The Pictorial Key to the Tarot: Being fragments of a Secret Tradition under the Veil of Divination - Arthur Edward Waite
The Pictorial Key to the Tarot is a divinatory tarot guide, with text by A. E. Waite and illustrations by Pamela Colman Smith. Published in conjunction with the Rider tarot deck, the pictorial version (released 1910, dated 1911) followed the success of the deck and Waite's (unillustrated 1909) text The Key to the Tarot. Both Waite and Smith were members of the Hermetic Order of the Golden Dawn. Waite was very concerned with the accuracy of the symbols used for the deck, and he did much research into the traditions, interpretations, and history behind the cards.
The book (which Waite himself called "a monograph") consists of three parts.
Part I, "The Veil and Its Symbols", is a short overview of the traditional symbols associated with each card, followed by a history of the Tarot. Waite dismissed as baseless the belief that the Tarot was Egyptian in origin, and noted that no evidence of the cards exists prior to the 15th century.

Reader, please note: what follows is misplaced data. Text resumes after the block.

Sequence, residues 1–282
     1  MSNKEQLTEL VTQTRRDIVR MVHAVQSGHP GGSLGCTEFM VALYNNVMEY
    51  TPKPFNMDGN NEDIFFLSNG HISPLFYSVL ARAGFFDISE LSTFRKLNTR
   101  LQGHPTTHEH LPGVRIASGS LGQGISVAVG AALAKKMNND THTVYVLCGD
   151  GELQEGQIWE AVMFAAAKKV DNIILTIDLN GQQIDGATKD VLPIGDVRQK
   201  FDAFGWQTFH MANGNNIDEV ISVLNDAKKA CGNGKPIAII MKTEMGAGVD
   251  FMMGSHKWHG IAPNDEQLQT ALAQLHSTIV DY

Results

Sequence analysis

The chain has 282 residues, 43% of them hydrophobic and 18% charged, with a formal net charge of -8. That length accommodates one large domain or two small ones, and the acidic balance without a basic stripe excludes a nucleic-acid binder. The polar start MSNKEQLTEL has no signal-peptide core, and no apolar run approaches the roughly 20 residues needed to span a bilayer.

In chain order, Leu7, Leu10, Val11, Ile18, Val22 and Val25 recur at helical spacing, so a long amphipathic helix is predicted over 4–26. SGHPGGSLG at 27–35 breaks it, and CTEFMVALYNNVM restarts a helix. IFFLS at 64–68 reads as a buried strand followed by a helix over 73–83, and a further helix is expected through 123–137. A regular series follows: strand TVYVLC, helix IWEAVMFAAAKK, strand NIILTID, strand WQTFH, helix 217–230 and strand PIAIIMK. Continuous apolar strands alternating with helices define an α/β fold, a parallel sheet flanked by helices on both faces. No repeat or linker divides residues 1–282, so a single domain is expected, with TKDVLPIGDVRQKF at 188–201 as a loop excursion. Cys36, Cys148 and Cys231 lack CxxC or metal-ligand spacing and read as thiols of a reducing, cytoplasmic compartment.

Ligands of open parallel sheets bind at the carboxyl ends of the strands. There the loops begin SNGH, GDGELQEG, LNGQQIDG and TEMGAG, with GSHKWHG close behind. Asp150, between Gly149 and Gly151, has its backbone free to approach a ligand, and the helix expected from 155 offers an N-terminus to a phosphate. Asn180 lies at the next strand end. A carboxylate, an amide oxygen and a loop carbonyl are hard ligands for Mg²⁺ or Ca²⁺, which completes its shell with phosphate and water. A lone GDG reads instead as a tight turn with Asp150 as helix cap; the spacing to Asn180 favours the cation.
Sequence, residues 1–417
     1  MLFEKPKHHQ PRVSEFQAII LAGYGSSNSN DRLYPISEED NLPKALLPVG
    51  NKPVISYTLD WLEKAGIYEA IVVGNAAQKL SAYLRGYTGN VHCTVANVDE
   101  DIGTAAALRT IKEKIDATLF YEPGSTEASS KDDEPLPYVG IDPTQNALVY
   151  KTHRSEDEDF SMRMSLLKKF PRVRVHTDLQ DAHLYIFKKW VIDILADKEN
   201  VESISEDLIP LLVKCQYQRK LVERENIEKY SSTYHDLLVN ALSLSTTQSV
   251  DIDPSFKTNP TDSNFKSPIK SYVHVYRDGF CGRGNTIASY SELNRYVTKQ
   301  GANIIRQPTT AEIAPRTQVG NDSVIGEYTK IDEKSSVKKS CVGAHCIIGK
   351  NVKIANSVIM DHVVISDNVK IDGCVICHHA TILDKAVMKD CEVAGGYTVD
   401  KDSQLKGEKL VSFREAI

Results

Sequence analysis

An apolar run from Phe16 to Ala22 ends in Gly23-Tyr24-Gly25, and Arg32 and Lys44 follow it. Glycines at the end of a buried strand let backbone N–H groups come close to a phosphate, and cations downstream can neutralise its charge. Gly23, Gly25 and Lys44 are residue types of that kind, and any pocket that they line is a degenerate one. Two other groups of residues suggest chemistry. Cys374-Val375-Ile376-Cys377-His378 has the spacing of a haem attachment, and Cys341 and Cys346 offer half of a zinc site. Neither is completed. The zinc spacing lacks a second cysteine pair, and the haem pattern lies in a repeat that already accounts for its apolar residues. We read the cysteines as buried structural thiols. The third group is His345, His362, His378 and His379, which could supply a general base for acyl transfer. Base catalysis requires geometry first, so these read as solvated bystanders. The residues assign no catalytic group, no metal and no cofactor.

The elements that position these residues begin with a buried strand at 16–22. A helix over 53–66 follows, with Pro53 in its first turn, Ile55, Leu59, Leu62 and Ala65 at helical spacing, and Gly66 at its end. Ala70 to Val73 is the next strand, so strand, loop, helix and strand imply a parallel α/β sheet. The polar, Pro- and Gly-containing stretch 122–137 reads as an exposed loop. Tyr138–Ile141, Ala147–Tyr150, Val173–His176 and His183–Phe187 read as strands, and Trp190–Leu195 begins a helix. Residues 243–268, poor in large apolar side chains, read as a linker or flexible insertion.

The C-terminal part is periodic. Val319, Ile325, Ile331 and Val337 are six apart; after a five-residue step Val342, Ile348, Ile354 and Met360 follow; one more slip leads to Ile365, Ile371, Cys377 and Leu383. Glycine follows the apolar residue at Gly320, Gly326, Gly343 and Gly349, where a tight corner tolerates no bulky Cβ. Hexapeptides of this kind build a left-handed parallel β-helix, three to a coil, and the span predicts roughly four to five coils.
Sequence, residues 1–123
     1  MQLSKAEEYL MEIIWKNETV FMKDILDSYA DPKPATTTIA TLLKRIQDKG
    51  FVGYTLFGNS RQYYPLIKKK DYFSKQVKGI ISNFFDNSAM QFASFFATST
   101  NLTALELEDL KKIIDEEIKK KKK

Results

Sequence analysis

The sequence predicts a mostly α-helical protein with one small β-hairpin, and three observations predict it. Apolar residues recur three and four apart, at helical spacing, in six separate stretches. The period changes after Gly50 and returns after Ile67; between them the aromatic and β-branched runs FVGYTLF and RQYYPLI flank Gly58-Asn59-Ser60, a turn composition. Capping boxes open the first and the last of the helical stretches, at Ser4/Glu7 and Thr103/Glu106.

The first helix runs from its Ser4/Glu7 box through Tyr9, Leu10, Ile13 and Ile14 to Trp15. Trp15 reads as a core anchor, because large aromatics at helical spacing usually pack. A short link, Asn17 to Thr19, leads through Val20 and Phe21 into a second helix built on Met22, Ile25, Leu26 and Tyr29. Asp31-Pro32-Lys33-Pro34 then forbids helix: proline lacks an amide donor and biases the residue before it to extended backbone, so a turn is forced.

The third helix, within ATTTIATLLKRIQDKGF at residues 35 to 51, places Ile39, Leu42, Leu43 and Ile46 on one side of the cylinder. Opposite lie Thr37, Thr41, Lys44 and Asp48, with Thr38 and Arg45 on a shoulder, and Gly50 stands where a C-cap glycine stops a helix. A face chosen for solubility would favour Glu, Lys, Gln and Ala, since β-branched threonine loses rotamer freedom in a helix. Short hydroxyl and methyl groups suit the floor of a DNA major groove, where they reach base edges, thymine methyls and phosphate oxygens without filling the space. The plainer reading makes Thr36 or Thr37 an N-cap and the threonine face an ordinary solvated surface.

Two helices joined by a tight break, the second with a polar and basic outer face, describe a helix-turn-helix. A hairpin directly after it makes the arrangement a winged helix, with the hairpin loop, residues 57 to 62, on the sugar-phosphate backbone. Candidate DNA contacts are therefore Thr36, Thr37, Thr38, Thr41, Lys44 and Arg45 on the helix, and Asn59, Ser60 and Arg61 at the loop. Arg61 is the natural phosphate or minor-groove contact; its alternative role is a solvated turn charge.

Part II, "The Doctrine of the Veil", contains 78 black and white plates of Smith's illustrations for the Rider-Waite deck, and a discussion of the unique symbols chosen for each card. Waite drew upon the earlier Tarot of French occultist Eliphas Levi, at times retaining his changes to the traditional deck (as with the Chariot card, which both Waite and Levi picture being drawn by two sphinx, instead of horses), at other times criticizing him (as with the Hermit card, which Waite thought Levi misinterpreted).
Part III, "The Outer Methods of the Oracles", concerns matters of divination with the cards, including a description of the famous Celtic Cross Tarot layout, which the book helped popularize.
In 1918, an American author, L. W. de Laurence, published an exact facsimile copy of the book under the title The Illustrated Key to the Tarot: The Veil of Divination, Illustrating the Greater and Lesser Arcana, without giving any credit to Waite.